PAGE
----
Friday, 2 April 2010

Running away or becoming hyper active - how do you respond to Good Friday

On Good Friday I often return to Charles Elliott's reflection and challenge in his book Praying the Kingdom where he encourages the reader to practise a form of one of the Ignatian exercises where you inhabit the person of Mary at the foot of the cross contemplating the crucifixion.
A harrowing experience, watching the one you have brought in to the world dying a dreadful and seemingly pointless death.
Elliott recounts two main responses to taking part in this spiritual exercise. Many men respond to the exercise by fleeing the scene, leaving so as not to have to contemplate the unbearable. Many women respond by trying to tear Christ off the cross, be desperately trying to do something to stop this terrible travesty of all that is good.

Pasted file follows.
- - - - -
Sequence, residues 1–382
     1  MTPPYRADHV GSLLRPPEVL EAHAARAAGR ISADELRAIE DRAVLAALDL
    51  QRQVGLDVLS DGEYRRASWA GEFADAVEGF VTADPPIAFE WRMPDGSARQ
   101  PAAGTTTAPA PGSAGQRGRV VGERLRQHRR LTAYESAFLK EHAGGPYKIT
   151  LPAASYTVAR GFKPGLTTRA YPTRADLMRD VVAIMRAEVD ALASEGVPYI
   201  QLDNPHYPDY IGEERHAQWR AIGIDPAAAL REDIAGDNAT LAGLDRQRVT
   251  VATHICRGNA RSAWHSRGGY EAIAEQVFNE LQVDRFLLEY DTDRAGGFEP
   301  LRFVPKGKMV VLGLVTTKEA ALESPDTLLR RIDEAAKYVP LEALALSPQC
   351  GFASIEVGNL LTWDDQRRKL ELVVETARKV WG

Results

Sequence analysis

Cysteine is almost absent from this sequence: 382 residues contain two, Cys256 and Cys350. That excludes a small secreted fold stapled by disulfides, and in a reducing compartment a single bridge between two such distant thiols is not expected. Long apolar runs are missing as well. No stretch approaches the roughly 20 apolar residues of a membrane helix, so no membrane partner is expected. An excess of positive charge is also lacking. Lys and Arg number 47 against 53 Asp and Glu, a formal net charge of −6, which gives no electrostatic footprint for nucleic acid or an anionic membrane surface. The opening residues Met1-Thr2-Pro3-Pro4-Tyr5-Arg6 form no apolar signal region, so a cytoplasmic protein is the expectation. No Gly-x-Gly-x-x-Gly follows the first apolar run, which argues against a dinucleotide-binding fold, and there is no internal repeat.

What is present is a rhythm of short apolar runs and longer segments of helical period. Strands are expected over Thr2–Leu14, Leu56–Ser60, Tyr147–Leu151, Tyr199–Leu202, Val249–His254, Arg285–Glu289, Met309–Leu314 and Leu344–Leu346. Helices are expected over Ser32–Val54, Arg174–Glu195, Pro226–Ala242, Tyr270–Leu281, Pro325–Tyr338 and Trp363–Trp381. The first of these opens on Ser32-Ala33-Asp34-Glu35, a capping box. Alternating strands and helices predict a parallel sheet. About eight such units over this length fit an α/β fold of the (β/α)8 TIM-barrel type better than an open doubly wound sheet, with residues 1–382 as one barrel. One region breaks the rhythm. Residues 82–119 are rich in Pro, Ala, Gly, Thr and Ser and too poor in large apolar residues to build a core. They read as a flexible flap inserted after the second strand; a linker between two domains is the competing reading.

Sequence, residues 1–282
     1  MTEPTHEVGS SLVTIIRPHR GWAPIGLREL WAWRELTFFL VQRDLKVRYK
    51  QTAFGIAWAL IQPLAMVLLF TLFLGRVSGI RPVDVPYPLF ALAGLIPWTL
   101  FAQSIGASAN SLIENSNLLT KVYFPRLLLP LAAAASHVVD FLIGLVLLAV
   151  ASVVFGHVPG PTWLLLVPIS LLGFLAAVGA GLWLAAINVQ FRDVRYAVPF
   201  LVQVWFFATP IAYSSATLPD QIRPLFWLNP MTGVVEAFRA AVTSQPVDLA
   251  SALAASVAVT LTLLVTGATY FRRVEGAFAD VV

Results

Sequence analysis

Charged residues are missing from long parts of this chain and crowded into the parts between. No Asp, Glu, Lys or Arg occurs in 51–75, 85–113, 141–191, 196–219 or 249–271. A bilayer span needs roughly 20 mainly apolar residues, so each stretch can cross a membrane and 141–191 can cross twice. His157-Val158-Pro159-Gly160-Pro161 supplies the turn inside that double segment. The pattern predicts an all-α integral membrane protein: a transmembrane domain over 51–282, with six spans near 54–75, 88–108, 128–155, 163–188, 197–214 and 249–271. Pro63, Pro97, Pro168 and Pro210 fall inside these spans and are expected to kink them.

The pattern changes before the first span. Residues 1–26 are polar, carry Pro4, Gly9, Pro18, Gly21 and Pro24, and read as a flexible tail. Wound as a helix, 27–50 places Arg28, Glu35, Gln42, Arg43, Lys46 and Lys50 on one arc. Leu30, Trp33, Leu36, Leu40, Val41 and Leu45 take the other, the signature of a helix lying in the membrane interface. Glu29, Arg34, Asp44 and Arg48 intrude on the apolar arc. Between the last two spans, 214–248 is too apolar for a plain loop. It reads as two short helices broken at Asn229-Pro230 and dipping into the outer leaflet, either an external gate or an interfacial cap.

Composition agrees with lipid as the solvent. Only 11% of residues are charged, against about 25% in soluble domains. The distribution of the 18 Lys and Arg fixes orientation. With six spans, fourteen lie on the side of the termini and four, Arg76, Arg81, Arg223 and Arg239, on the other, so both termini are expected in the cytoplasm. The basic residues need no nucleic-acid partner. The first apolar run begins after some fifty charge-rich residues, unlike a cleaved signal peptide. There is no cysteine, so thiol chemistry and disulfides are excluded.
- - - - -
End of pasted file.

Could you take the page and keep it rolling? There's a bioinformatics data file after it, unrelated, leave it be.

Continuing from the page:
But we are called in the midst of a political spirituality to simply be witnesses to that which is terrible and awful, to dare to live with it - not accepting it, not running away from it, not believing that we can stop it - simply surveying the cross and seeing it for all that it is, the terror, the horror, the pain, the injustice.
Sometimes though it's hard to stop running, sometimes it's hard to stop doing and just be in the terrifying space of another's pain.